With Comic-Con fast approaching (July 24-27) and all the Hollywood studios getting ready, I understand that Warner Bros has been nervously monitoring the deteriorating situation at its subsidiary DC Comics. There could be a major shake-up — especially if Time Warner CEO Jeff Bewkes keeps cleaning house inside the Big Media corp. There’s a lot of chatter, from comic book circles like io9.com to trade media like Publishers Weekly, that DC Comics Senior VP and Executive Editor Dan DiDio, who oversees the DC Universe line of superheroes, is in major trouble. I don’t pretend to know all the ins and outs of the comic book culture. But my own reporting, and others’ coverage, show the following:
The problem isn’t just that, under DiDio’s leadership, fanboys are disappointed with the directions of Batman, Superman, Wonder Woman and other characters. (How dopey of DiDio to come out with a new series Decisions this September where the superheroes take political stands timed to the election.) Little wonder that fanboys are selling “Dan DiDio Must Die” t-shirts. But also average sales of the DCU line are down more than 20% from a year ago, and DiDio has lost a big chunk of existing readers in a year while deliberately failing to reach out to new ones.
But the biggest bad news is that DC’s much hyped Summer 2008 release Final Crisis, the 7-issue miniseries, isn’t the huge hit it was supposed to be. Comic Book Resources reviewed, “This isn’t a disaster just yet, but six more issues of this caliber and this could spell the end of the sales power for a company event at DC Comics. Final Crisis, indeed.” Not to mention those misleading full-page DC Comics ads promoting Final Crisis by referring to an upcoming “Batman R.I.P.” storyline. That could have unleashed a box office backlash against Warner Bros’ all-important The Dark Knight release next month. (“We can’t kill him during a big movie year,” DiDio finally made clear.)
With DC Universe so much a part of Warner Bros’ bottom line, getting DC Comics back on track has to be a top priority. For one thing, the movie studio’s biggest DC characters remain in development limbo — Superman, Wonder Woman, the Justice League. Only Batman has an ongoing live action franchise. But whose fault is that? Warner Bros Pictures Group prez Jeff Robinov and Warner Bros prez/COO Alan Horn (who still retains greenlight authority and therefore has to share the blame for this) remain paralyzed by indecision, chaotically starting and stopping work on scripts for the biggest DC characters. Meanwhile, Marvel is about to exploit the hell out of its characters, primo or not. Right after Iron Man‘s success, Marvel Studios announced an ultra-ambitious film development slate through 2011, culminating in an “Avengers-Themed Summer”, introducing a Captain America film and then uniting heroes Iron Man, Hulk, Captain America and Thor in a single film. Heck, if I were Bewkes, I’d shake up Warner Bros as well as DC Comics.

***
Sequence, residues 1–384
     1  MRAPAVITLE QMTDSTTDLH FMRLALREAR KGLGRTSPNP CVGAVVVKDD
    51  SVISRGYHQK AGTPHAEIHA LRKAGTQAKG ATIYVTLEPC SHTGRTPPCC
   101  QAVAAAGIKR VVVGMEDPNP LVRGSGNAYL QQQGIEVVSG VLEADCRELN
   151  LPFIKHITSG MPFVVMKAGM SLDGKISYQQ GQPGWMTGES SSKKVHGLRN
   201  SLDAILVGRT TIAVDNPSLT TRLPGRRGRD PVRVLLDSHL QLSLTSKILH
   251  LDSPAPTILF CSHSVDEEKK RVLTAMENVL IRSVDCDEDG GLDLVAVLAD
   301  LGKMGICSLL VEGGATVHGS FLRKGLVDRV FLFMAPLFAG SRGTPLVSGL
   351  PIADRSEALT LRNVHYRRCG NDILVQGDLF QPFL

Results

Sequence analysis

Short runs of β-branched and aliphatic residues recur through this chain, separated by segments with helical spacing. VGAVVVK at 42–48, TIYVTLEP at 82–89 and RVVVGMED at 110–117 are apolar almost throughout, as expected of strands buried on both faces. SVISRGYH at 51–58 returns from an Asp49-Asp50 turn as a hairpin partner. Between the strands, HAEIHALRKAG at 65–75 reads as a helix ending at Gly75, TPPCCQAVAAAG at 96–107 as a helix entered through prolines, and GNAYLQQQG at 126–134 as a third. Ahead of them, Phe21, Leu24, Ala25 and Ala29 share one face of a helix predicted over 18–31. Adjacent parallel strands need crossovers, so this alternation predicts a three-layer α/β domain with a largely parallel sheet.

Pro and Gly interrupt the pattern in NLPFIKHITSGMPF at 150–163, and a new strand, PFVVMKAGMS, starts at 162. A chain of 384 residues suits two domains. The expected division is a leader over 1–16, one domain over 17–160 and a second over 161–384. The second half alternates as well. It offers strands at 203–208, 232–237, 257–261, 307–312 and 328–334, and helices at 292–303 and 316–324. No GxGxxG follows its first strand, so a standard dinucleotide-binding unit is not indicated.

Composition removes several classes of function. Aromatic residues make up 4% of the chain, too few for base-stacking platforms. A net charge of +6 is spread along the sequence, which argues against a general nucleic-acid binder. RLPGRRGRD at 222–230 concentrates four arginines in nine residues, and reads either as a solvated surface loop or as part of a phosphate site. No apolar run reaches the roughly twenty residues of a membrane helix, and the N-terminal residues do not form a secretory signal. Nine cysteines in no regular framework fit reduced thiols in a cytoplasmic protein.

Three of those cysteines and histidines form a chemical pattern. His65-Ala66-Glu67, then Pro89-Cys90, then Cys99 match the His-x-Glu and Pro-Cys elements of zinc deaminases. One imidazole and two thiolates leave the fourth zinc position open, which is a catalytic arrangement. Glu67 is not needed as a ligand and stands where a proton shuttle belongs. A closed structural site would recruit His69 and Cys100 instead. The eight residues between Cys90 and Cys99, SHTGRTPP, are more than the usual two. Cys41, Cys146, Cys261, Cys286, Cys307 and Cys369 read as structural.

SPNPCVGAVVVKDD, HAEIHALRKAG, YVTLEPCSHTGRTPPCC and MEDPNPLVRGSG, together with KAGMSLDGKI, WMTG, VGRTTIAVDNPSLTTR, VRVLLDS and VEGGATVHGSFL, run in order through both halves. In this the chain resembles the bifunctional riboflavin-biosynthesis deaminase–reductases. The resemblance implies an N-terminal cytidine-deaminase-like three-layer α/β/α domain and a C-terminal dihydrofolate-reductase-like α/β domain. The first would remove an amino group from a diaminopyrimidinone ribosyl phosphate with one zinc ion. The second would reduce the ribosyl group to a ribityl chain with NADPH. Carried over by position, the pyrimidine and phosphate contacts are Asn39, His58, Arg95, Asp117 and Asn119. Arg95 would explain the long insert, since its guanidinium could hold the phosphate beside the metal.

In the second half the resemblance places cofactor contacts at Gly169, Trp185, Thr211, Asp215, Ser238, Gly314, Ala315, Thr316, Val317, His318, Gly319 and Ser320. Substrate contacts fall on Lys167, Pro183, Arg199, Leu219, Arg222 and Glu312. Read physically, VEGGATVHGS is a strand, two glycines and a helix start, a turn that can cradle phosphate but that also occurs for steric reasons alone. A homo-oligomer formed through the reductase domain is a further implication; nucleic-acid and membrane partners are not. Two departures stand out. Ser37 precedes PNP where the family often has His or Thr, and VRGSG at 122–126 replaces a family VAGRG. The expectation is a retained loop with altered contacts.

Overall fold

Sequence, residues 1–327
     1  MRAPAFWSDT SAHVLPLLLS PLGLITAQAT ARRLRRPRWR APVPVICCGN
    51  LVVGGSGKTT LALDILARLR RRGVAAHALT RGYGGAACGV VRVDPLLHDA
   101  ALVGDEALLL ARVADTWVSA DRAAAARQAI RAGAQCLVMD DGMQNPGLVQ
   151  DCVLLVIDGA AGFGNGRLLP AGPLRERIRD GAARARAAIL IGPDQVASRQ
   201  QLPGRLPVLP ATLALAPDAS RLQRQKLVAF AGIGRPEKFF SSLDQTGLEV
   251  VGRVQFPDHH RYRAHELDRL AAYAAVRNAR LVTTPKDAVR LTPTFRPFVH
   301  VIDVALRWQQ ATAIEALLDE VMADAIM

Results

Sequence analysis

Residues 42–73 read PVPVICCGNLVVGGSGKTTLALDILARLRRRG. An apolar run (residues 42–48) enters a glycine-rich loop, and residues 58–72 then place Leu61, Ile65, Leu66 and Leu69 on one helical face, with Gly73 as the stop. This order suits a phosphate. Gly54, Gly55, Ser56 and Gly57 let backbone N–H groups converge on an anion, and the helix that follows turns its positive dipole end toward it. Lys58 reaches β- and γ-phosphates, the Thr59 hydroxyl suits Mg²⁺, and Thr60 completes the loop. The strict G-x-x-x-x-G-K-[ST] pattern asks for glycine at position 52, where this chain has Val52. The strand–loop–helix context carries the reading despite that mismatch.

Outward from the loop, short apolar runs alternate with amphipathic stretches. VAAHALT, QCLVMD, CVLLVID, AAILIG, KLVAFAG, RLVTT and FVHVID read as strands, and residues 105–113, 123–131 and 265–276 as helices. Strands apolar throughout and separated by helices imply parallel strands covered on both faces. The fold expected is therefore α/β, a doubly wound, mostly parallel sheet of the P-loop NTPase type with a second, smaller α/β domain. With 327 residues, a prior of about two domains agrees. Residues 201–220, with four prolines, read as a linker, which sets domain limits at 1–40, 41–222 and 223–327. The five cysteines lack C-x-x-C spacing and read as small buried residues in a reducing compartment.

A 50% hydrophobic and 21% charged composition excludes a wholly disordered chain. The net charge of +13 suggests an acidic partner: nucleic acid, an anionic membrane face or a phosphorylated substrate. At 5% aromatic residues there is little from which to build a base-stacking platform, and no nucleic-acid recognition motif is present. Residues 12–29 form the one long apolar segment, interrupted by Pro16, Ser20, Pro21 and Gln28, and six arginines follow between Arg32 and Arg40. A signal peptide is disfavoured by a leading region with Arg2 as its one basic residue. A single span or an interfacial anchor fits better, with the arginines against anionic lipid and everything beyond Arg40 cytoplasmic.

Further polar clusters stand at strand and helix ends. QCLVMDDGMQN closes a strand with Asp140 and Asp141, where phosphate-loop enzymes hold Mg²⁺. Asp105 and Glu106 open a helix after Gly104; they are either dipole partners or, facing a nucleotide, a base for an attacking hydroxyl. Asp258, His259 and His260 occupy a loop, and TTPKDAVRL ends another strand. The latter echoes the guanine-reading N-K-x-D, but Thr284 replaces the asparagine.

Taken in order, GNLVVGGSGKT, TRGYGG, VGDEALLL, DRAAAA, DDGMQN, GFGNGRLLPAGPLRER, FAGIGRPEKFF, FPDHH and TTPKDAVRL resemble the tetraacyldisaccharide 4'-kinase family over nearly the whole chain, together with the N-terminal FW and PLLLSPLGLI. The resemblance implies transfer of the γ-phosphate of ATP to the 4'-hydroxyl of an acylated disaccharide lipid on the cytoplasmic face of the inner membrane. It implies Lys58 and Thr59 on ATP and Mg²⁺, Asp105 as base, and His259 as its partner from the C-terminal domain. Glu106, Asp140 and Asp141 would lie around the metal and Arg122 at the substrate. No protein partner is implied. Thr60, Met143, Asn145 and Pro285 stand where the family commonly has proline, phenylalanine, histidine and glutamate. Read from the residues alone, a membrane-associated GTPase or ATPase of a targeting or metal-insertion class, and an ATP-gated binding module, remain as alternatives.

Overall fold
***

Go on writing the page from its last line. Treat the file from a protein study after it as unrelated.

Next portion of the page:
To add insult to injury, Marvel’s Secret Invasion comic book was #1 in May, while DC’s Final Crisis was only #2. Worst of all, DC had only three comics in that month’s top 10 best-sellers. As one Internet commenter opined on io9.com: “DC needs to make this move just to show that they do in fact care about their product, and appease fan boy rage. Even if the higher-ups at TW really like Mr. DiDio’s work, the sales numbers and overall editorial inconsistancies under his recent tenure has caused public perception to view him as being incompetent.” DiDio, who took over in 2004, can’t be happy his current contract expires soon. Or that Jimmy Palmiotti is being handicapped as his replacement. (Palmiotta is currently an exclusive writer for DC Comics and formerly the co-founder of Event Comics and co-head of Marvel’s Marvel Knights imprint with friend and current Marvel Editor-in-Chief Joe Quesada. Fanboys also suggest Joey Cavalieri, a veteran of both comics companies, should be considered.) Now the question is whether DiDio will exit before Comic-Con, or after, or at all — and how much of a distraction this will be at the confab.